Lensbaby 3G Review
by Jake Hughes, January 2008
An escape from the world of conventional lenses, the Lensbaby 3G provides easily achievable creative effects to the photographer without the need for post-processing. The original Lensbaby was, put briefly, rather spartan. It comprised of a single, uncoated glass element with zonal focus ability, manual focus and four interchangeable aperture disks ranging from f2.8 to f8 in one stop increments. This aside, it became incredibly popular with product photographers and people wishing to give mundane objects and artistic feel. Its no-frills ability was reflected in the photographs it captured; rather similar to that of Holgas. The Lensbaby 2 improved on the original's design, incorporating double-coated optics and a much more practical aperture ability of f2.0. But the real advance is the introduction of the Lensbaby 3G: with a more precise focus system comprised of three 'screw-like' adjusters referred to as "'fine focusers".
The Lensbaby arrived in a secure box with plenty of padding and protection, which is more than we can say of some similarly priced equipment! The instructions enclosed were brief but informative and the soft carry case provided is more useful at keeping the 3G's bits together, than offering a shelter.
Attachment of the lens was easy: Just line the red up and rotate it clockwise. The fitting wasn't tight, especially as it was on a Sony A100, but no dust would be able to enter under any circumstances. After removing the lens cap, I was shocked to see only one plate of glass! But after closer analysis, the 3G's ingenious design became ever more apparent, and the relative crudeness that initially shocked me, was soon welcomed. What wasn't welcomed "arms out" was the way in which the lens is operated. Lensbaby, in an attempt to make operation simple, state:
"When the sweet spot is sharp and placed where you want, press the Locking Button on the Focusing Collar to lock your Lensbaby 3G into place. You can then make precise adjustments to your focus by rotating the Fine Focusing Ring, just like a manual focus lens. You can also adjust the sweet spot's placement by rotating the metal rods."
This series of adjustments, which one is expected to remember when out taking photos, is awkward, illogical and rather irrelevant. Best you use the 'fine focusing' ring first; followed by the 'fingertip focus' technique. Unsurprisingly, this lens is not practical for permanent connection to the camera; neither is it practical for photography that is unplanned - sport shots are a definite no-no. The aperture of the lens (which ranges from f2.0 to f16) can be changed by inserting magnetic discs which can be inserted and removed rather rapidly using the provided tool. This method may seem rudimentary to photographers used to using lenses with auto-focus and a range of electronically controlled apertures, but the action works rather well and when one learns that you rarely need to change this with the sort of photography the 3G gets used for; it becomes rather satisfying!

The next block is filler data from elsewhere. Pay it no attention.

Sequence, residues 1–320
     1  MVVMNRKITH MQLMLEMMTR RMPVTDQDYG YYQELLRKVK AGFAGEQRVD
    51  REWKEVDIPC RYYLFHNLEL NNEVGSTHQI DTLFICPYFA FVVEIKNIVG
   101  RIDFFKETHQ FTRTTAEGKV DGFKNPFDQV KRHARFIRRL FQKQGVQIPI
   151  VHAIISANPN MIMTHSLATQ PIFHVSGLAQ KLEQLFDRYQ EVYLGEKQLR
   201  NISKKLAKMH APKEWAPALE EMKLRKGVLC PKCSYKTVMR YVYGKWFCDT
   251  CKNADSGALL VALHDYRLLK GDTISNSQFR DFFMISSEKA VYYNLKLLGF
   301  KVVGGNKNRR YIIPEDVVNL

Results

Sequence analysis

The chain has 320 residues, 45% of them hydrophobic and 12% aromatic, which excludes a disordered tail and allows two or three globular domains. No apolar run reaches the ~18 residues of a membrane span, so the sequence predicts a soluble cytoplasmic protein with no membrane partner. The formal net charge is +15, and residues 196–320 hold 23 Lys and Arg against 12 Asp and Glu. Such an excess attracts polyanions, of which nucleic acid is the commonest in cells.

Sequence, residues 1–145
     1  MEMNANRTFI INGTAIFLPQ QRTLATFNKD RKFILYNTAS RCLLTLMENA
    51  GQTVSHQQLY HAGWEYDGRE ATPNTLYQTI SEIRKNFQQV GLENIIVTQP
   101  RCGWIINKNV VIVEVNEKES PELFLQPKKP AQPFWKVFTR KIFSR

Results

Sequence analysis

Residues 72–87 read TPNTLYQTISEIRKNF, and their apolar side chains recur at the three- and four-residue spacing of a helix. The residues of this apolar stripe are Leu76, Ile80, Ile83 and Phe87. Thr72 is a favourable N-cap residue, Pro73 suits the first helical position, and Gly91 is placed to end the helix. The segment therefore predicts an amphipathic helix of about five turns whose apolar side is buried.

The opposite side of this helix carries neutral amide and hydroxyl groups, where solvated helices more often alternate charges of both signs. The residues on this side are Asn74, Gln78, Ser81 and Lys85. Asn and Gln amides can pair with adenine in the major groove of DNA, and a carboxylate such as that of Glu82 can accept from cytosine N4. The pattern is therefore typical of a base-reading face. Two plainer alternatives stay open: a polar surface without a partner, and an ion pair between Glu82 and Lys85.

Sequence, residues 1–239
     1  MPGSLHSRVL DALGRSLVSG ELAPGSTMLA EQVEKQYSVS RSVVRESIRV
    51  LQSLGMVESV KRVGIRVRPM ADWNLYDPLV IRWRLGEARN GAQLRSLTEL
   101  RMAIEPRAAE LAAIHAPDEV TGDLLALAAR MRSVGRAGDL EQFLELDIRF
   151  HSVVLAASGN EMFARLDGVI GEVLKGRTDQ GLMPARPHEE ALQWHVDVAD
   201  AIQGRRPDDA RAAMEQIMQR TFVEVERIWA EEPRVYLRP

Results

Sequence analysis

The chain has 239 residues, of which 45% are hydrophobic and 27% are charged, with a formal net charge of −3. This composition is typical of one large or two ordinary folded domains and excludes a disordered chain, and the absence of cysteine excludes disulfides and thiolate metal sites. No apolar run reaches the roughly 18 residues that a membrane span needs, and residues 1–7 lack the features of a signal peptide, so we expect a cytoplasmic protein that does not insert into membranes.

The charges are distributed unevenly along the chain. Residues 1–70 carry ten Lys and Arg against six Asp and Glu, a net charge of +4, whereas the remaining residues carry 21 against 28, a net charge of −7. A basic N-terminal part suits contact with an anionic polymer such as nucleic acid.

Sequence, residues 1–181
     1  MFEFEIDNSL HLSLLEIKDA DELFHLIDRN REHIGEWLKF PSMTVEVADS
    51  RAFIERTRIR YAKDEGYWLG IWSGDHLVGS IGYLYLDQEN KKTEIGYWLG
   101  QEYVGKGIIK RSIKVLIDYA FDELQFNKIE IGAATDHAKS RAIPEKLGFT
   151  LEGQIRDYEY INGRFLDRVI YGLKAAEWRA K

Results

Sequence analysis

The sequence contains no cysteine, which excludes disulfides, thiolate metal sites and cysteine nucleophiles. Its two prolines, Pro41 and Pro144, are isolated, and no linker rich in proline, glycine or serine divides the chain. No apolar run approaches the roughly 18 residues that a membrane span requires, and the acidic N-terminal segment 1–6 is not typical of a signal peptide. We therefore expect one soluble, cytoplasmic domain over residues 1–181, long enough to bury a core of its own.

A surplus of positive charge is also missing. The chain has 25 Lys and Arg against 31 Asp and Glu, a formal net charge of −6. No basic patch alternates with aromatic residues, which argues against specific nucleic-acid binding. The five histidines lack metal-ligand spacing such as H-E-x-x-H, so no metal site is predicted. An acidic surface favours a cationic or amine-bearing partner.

Of course, all of the aforementioned is rather irrelevant if the lens is incapable of delivering strong, well defined images. I am proud to announce that it does so rather well! Outright lens resolution is outstanding, especially considering the budget price tag and relatively spartan design. At f4, the lens starts to gain even more detail, at f8 it, as with many lenses, reaches its optimum. Vignetting is controlled to an acceptable standard which is quite beside the point bearing in mind what this lens will primarily be used for: Product shots.
That is where this lens truly excels. Blurring (using the zonal focus ability) can be used to draw attention to a certain object, or to convey movement - the tight focus technique used by many photographers seems somehow outdated and it certainly renders extremely large aperture lenses obsolete in such circumstances. The outright character of the photos produced by this lens is staggering; professional results easily obtainable without any need for filters or post-processing. In a nut-shell, this lens WILL improve your photography; something a better quality lens will fail to do.
But do you really need the 3G? Can the same style photos be acquired by using a conventional lens with a much smaller outlay? Well, the panning effect and the rather controversial snap and zoom techniques can to some extent be employed to create such an effect; but such effects can look vulgar rather often and usually give the impression of the photographer having to make the subject look interesting due to its naturally boring nature! Therefore if you do desire to create artistic, professional effects, the 3G is rather handy indeed!
After two months of ownership, I can gladly say that I am incredibly pleased with the Lensbaby 3G. It has provided me with some excellent photographs, even though the weather acted against it! One has to plan the shot ahead to get the most out of this lens; it is not a spur of the moment photo producer. Many will argue that because of this, the 3G is rather impractical, but I can assure you that once you become accustomed to its features, you will be pleasantly satisfied with the results: It truly is an a escape from the world of conventional lenses!
I would like to thank Lensbaby for their kind donation of this lens, Gustavo Orensztajn for his kind help along the way and of course www.dyxum.com for their support during the writing of this article